Friday, May 02, 2014

Truly Simple Stuffed Brinjals

A couple of years ago, I went on holiday to a resort which served food based on their Ayurvedic beliefs. They did not use cucumbers, potatoes, tomatoes and brinjal/eggplant.They did not use red chilli or red chilli powder either. Since I came back, I haven't eaten too many cucumbers or tomatoes and hardly any brinjal at home. (I use the chilli, though.) However, about two weeks ago, I found some good-looking brinjals and bought them. I wanted to make stuffed brinjal, but an easy version that did not involve chopping and grinding.

I took recourse to the Net and all the easy stuffed brinjal recipes that popped up involved chopping onions, shredding coconut, frying/roasting some other ingredients and grinding them all together. I was only willing to scoop ingredients out of their jars, mix them with my hands, stuff the brinjals and shallow fry them - and I needed a recipe that was willing to confirm my vague ideas as to how to do that. I had figured out that I needed gram flour (chick pea flour/besan) to do it because many stuffings are a combination of ingredients that involve fried and ground channa dal or chutney dal. For once, I had besan at home. Then I chanced across a blog that mentioned a stuffed version with ajwain/carom, something to do with Gujarat, but it was just a fleeting glimpse.

It was probably this, but I can't be sure.

That was enough for me to work out what I could do.

What you need
Brinjals/eggplant: 250 gm
Gram flour/besan: 1/2-3/4 cup
Carom seed/ajwain: 1.5 tsp
Cumin powder: 1/2-3/4 tsp
Coriander powder: 1.5-2 tsp Red chilli powder: 1/2 tsp
Salt: 3/4 tsp of ordinary, iodized salt is how much I used
Oil: Enough to coat the surface of the pan you are going to cook the brinjals in. It could be several spoons. I used a smallish pan and my brinjals got crowded in it.

Cut brinjals into four and keep them joined at the stem end.

 Roast the flour on a low flame for a couple of minutes. Cool.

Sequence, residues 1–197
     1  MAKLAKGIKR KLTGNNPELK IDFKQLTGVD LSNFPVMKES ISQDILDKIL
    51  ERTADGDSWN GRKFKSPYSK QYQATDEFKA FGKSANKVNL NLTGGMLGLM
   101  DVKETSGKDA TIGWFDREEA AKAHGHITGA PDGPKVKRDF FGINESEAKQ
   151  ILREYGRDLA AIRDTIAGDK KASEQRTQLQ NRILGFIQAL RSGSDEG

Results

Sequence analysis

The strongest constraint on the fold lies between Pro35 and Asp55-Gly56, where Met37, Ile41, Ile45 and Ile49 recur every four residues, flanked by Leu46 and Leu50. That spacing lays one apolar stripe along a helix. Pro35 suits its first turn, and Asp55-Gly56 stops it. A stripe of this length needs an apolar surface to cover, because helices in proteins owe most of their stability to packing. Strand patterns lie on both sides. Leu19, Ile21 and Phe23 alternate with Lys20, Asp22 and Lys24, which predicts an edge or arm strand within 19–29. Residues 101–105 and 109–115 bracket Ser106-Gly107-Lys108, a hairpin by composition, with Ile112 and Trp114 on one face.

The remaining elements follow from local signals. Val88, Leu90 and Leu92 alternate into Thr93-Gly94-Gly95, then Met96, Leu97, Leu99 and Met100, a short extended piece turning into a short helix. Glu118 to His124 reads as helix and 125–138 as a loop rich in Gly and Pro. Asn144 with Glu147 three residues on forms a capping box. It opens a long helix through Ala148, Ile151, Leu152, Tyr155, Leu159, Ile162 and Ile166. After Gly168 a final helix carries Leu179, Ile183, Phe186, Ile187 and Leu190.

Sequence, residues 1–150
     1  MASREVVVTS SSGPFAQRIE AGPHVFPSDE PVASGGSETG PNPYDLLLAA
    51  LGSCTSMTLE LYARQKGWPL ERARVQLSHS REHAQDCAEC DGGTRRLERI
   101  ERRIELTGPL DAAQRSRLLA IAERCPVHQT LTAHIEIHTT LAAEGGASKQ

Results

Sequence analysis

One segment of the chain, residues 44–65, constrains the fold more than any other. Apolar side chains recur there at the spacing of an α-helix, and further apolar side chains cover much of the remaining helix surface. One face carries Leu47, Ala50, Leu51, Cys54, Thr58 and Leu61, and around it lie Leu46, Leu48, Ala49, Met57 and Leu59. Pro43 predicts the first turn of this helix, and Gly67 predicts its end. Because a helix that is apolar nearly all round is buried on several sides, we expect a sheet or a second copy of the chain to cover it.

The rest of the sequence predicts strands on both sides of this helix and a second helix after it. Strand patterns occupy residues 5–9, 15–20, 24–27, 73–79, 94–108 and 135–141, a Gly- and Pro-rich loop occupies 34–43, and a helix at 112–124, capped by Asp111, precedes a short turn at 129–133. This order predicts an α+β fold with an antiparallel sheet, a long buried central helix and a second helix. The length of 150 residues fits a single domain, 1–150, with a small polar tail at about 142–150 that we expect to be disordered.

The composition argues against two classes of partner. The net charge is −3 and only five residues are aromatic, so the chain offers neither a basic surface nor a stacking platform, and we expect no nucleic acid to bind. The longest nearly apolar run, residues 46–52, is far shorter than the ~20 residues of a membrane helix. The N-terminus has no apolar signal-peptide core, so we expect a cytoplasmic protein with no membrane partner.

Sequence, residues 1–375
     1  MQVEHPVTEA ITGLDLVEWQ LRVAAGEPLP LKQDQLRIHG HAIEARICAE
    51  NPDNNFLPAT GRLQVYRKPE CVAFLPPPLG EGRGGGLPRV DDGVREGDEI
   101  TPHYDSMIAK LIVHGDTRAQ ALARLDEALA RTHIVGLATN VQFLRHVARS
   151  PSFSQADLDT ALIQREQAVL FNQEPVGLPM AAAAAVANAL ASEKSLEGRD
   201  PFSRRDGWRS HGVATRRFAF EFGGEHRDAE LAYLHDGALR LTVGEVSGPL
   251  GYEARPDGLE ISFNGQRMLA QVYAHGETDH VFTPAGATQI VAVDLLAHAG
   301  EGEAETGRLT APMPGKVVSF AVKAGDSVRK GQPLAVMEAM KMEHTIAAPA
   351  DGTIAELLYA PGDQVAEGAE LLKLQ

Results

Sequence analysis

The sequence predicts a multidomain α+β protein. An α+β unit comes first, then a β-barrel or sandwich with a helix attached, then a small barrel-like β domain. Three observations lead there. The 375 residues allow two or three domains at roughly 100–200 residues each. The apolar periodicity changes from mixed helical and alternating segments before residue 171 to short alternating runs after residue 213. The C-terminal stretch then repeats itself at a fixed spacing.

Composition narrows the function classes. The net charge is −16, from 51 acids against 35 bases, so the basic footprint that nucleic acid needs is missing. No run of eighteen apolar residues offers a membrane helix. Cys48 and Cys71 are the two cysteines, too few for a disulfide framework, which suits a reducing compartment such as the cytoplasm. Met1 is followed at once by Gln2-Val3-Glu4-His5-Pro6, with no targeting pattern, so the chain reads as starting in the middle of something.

Mix the flour and the spices and stuff the brinjals with the mixture.

Heat the oil and arrange the brinjals carefully in the pan.

Cover with a lid, lower the fire and keep checking to see if they are done on one side.

Then turn them over to the other and cover again.

After 3-4 minutes, take it off the fire.

You will get soft brinjals with delicious insides. Don't expect the stuffing to show very clearly, though, it will coat the insides of the brinjal, unlike the chopped and ground version with onions and coconut which adds to the volume of the dish.

If you have any besan mixture left over, you can make a most delicious kadhi with it. Dilute some curds, mix the besan with it, temper some oil with mustard and curry leaf and add the curd-besan mixture and when it begins to boil, bring it down to a simmer for a couple of minutes and take it off the fire.


  1. This is truly good. I do make them with dhania and jeera powders and add sliced onions when frying but never tried with besan. That second picture is so inviting. Finished my stock of small brinjals last night by making aloo baingan ... next time.
    Ayurved is against cucumbers too? Tomatoes I know and avoid, what with the hybrid ones all over these days.

    1. Sharmila, a nutritionist explained to me that all these vegetables were part of the nightshade family which is considered not good for health. She also said ayurveda/whichever school of it prohibited these vegetables may not have researched it thoroughly but rejected them because they were imports. But then I thought cucumber is native to India.

  2. I am surprised about no cucumber and tomato for the Aurvedice belief as i thought they were such good vveggies for one though i dont' like cicumber at all. Funny and here in the west i have read so many articles saying tomatoes are so good for you. But then i think we went through a diet calle Blood group diet a wouple of years ago and in that even black tea was bad for certain blood group and i think hans blood group coudn't eat tomatoes too. Wish we got these small brinjals here.

    1. That blood group diet is almost impossible for O+ve and those who like vegetarian food. I remember it has hardly any options.

  3. I have a version of this too and partly done in microwave. Learned from a Gujarati aunty. Really good. But why no brinjal or cucumber in Ayurveda ?

    1. BongMom, see my reply to Sharmila. :)

  4. I have never done anything like this with eggplant. It looks very tempting- curious to know the taste.

  5. It's savoury, and you come across bits of carom which give off a sharp and spicy sensation.

  6. It looks very tempting- curious to know the taste.

  7. Very nice recipe of stuffed brinjals, I would love to try.

  8. I made another version yesterday, Sadhna, with some ready made chutney powders - that was good too!


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